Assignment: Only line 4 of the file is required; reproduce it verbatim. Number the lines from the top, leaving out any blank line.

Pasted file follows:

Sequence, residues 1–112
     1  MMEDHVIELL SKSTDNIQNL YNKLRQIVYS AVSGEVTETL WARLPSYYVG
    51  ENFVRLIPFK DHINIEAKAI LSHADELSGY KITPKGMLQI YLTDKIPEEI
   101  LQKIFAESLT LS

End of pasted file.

   101  LQKIFAESLT LS